By Lauren Zumbach Chicago Tribune
WWR Article Summary (tl;dr) Christmas may be over but shoppers are still heading to the stores in search of deep discounts and of course to return gifts that did not make the cut.
The holidays are over. Gifts have been exchanged. But retailers' cash registers are still ringing.
The turn of the year has traditionally been a time for retailers to dump unsold holiday merchandise onto sale racks.
Most shoppers on State Street in downtown Chicago the day after Christmas said they had come in hopes of scoring a deal. But increasingly, stores are also putting new merchandise out after the holidays to encourage shoppers with gift cards or returns to splurge on full-priced merchandise.
Jeanine Konopelski, 53, said she is willing to forgo a discount "if it's what we really want." She and her daughter Taylor, 16, of California, were shopping at Anthropologie on State Street while visiting family in Chicago. After-Christmas shopping is one of their traditions, and they had gift cards to redeem.
Shoppers enthusiastically cracked open their wallets this holiday season, according to early sales data.
Consumers spent more than $850 billion between Nov. 1 and Dec. 24, boosting U.S. retail sales 5.1 percent over the same period last year, according to Mastercard SpendingPulse, which tracks spending in stores and online. Online sales rose about 19 percent, Mastercard SpendingPulse said.
But there's still more shopping activity to come, analysts say.
Of the 10 days in the holiday season expected to bring the most shoppers to stores, two are after Christmas, Dec. 26, the eighth-busiest day, and Dec. 29, the 10th busiest, said Brian Field, senior director of retail consulting practice at ShopperTrak.
Shoppers visiting stores on State Street on Wednesday said browsing the sales was a holiday tradition, or a chance to reward themselves after spending on family and friends.
"It's a bargain hunt," said Kathie Winkelmann, 56, of Lake Zurich, Ill., while shopping after Christmas this week at the Banana Republic Factory store at Block 37 on State Street.
Others were dealing with the aftermath of gift exchanges: gift cards and returns.
Linda Bialek, 63, of Oak Lawn, Ill., stopped at Macy's on her lunch break in hopes of exchanging a sweater before the shelves grew picked over. The size she wanted was already sold out but she said she'd found two possible substitutes.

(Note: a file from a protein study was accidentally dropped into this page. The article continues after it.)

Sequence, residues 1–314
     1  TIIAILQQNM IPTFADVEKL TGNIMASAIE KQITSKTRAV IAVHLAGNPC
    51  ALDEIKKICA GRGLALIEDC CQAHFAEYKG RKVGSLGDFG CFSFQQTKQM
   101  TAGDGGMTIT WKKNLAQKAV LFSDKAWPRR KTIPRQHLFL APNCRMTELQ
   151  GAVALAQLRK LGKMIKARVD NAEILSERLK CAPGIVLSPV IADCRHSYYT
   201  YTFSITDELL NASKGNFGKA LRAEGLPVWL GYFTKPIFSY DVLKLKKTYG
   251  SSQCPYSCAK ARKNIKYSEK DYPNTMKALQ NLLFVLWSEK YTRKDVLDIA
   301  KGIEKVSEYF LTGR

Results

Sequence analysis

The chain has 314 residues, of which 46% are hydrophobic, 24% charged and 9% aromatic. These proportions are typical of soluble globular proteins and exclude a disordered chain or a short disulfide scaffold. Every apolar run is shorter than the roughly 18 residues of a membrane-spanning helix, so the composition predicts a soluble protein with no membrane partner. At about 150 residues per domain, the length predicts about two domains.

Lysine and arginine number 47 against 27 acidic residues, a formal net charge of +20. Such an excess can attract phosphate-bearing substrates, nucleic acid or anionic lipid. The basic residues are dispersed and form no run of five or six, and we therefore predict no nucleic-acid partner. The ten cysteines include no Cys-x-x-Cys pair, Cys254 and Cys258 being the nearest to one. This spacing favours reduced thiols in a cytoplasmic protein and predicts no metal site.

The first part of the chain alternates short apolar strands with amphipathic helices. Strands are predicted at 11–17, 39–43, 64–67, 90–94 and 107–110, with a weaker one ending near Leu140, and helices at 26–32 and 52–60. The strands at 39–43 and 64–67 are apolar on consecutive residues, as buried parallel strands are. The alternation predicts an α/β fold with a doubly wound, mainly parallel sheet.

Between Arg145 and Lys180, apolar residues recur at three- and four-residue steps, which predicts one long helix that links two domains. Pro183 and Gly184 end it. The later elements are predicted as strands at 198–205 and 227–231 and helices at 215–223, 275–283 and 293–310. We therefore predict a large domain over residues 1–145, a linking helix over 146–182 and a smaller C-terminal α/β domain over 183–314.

"They run out so fast," she said.
UPS said post-holiday gift card spending and returns mean its busiest season extends into the new year.
Although returns were predicted to peak before Christmas thanks to an earlier start to the holiday shopping season, with 1.5 million packages sent back on Dec. 19, UPS still expected to handle 1.3 million on Jan. 3, said Kat Marran, UPS' vice president of U.S. marketing.
Retailers are getting better at responding to trends and continually bringing in new merchandise, said Gabriella Santaniello, president and founder of retail research firm A-Line Partners. That means they're not stuck trying to sell spring apparel to customers shivering in early January winter. It also means there is fresh merchandise on shelves for post-holiday shoppers. If retailers can get those customers to skip the clearance rack, that boosts their bottom lines.
"If someone's been in the stores, they've seen (the holiday merchandise) already," Santaniello said. A retailer might take a holiday best-seller and create an updated version in a new color, or cater to consumers committing to resolutions with new athletic apparel and sneakers, Santaniello said.
During the first two days after Christmas, retailers including Lululemon, Athleta, Urban Outfitters and J. Crew sent customers emails promoting new merchandise, not just discounts, according to Milled, a website that tracks retailers' email promotions.
Some chains call the post-holiday shopping period Winter 2, some Pre-Spring, some the Second Season. Whatever name it goes by, "they're basically getting a second bite at the apple with customers who have available spending money," said Craig Johnson, president of Customer Growth Partners, a retail consultancy.
But other shoppers said they were focused on the deals.
Sophia Vittallo, 50, from Park Ridge, Ill., saw a top she liked at Macy's on Wednesday but kept walking because there didn't appear to be a discount. She and a friend were shopping with their daughters while waiting for a table at Macy's Walnut Room.
When it comes to after-Christmas shopping, "it has to be on sale," she said. "I don't like to pay full price."
That's what makes customers with gift cards to burn particularly desirable, Johnson said.
Convincing someone to part with hard-earned cash can be a challenge, but when someone receives a gift card, "it's like found money," Johnson said. "They don't mind paying full price for something new."